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The decision to work toward one type of degree or another is an important one. For some fields, post-secondary education is highly recommended; in other fields it is more of a choice based on career goals.

For example, if you would like to become a physical therapy assistant, the associate degree is the appropriate degree for you. If you want to be a physical therapist, you'll need a master's degree from an accredited physical therapy program.

The different types of degrees can sometimes be confusing. This site is designed to help you understand the degree options available to you. Graduate education is the term used in the United States.

Traditional Academic Degrees

  • Associate's Degree
    Some schools (junior colleges, community colleges, and some four-year colleges and universities) offer an associate's degree, or A.S., for two full years of study, often in pre-professional areas, such as technicians or health care assistants. This may sometimes be used as credit toward completion of the four-year bachelor's degree.  Find out more...
     
  • Bachelor's Degree
    The bachelor's degree is the most commonly awarded undergraduate degree. It is usually a four year program. And, with regard to the fields covered on the Career Cornerstone Center, most programs offer a Bachelor of Science degree, or B.S. The vast array of bachelor's degree titles can be confusing. Find out more...
     
  • Master's Degree
    A Master of Science (M.S.) is a postgraduate academic master's degree awarded by universities, and is the most typical Master's Degree for the sciences and engineering. Admission to a master's program is normally contingent upon holding a bachelor's degree, and progressing to a doctoral program often requires a master's degree.  An M.S. degree generally can be earned within two years after the B.S. degree. Find out more...
     
  • Professional Science Master's Degree
    A Professional Science Master's (PSM) is an reasonably new graduate degree designed to allow students to pursue advanced training in science or mathematics, while simultaneously developing workplace skills highly valued by employers. Find out more...
  • Research Doctorate Degrees
    The research doctorate is the highest earned academic degree in U.S. postsecondary education. Research doctorates are awarded in recognition of academic research that is in principle publishable in a peer-refereed context (such as a research journal) and represents at least a modest contribution to human knowledge. The research is usually assessed by submission and defense of a thesis or dissertation, or of a suitable body of published work. The most common example of this type is the degree of Doctor of Philosophy (PhD). Other examples include the Doctor of Engineering (DEng). The doctoral degree, which typically involves seven years of study and research beyond the BS degree, is usually completed by those interested in careers in research and/or teaching. Find out more...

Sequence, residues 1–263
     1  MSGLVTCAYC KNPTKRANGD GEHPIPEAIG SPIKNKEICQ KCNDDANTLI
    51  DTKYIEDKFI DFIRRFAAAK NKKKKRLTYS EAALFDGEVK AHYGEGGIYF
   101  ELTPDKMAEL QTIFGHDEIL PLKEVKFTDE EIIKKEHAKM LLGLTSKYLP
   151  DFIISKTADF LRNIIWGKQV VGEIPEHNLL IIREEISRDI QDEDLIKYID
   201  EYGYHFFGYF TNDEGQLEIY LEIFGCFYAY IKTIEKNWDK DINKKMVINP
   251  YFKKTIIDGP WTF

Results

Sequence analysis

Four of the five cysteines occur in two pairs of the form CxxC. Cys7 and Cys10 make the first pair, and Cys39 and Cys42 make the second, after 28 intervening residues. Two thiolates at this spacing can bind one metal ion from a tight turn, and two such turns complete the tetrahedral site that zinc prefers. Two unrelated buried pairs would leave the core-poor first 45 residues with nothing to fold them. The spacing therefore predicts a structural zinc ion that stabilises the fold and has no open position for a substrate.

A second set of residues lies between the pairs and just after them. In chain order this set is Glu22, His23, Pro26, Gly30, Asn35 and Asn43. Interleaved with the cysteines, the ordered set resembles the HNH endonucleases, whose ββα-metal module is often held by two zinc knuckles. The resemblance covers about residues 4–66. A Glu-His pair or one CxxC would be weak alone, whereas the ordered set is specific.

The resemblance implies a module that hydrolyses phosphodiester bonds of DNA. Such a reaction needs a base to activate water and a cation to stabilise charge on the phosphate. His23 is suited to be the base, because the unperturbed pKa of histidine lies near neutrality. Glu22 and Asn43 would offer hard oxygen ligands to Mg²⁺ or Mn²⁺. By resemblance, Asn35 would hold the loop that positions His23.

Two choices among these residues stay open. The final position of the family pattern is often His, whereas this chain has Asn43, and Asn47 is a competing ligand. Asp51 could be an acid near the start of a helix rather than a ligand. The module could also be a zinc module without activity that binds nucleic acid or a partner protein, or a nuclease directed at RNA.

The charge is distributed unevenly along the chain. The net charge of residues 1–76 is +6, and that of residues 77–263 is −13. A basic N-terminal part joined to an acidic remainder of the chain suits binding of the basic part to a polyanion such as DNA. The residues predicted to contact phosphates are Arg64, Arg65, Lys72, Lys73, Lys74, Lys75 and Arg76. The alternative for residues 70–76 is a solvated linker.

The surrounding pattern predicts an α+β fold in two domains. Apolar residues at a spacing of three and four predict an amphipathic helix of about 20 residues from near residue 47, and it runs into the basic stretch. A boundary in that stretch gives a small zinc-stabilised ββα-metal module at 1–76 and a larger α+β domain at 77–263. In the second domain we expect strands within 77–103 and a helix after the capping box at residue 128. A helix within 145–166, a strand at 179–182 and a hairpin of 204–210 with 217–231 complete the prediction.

Professional Degrees

  • First Professional Studies
    A first professional degree is a type of college degree designed to prepare the holder for a particular profession by emphasizing practical skills over theory and analysis. These professions are typically licensed or otherwise regulated by a governmental or government-approved body. Most professional degree programs require a prior bachelor's degree for admission, and so represent at least about five total years of study and as many as seven or eight. Examples of field of study include Dentistry, Surgery, Pharmacy, and Veterinary MedicineFind out more...

Special Non-Academic Degree Programs

  • Postdoctoral Programs
    A postdoctoral scholar, or a "postdoc" is an individual holding a doctoral degree who is engaged in a period of mentored research and/or scholarly work. Postdoctoral appointees can pursue basic, clinical, or translational projects so long as their primary effort is devoted toward their own scholarship. Postdocs are essential to the scholarly mission of the host institution, and are expected to have the freedom to publish the results of their scholarship. Find out more...
     
  • Certificate Programs (Undergraduate)
    Certificate Programs usually are intended to certify that students who have successfully completed the program are prepared to enter the careers associated with the chosen certificate. They usually take at least one to two years to complete. These are not considered academic degrees, but can qualify recipients to find jobs in some fields.  These should not be confused with "certificates of completion" which might be provided for attending a workshop, or completing a professional development course.  Also, Certificate Programs do not constitute "certification."  Certification procedures vary from field to field, but generally require an exam or state/federal test and recognition that a body of knowledge has been gained by a professional working in a field.
    In addition, several companies offer "certificate programs." Find out more...
  • Intermediate Graduate Awards (Graduate)
    Students at the graduate level may occasionally undertake specialized, short courses of study. Most of these study programs result in the award of a certificate, frequently called a Certificate of Advanced Study (C.A.S.). The C.A.S. is not considered a degree but it does constitute completion of a structured program of study at the graduate level. Find out more...


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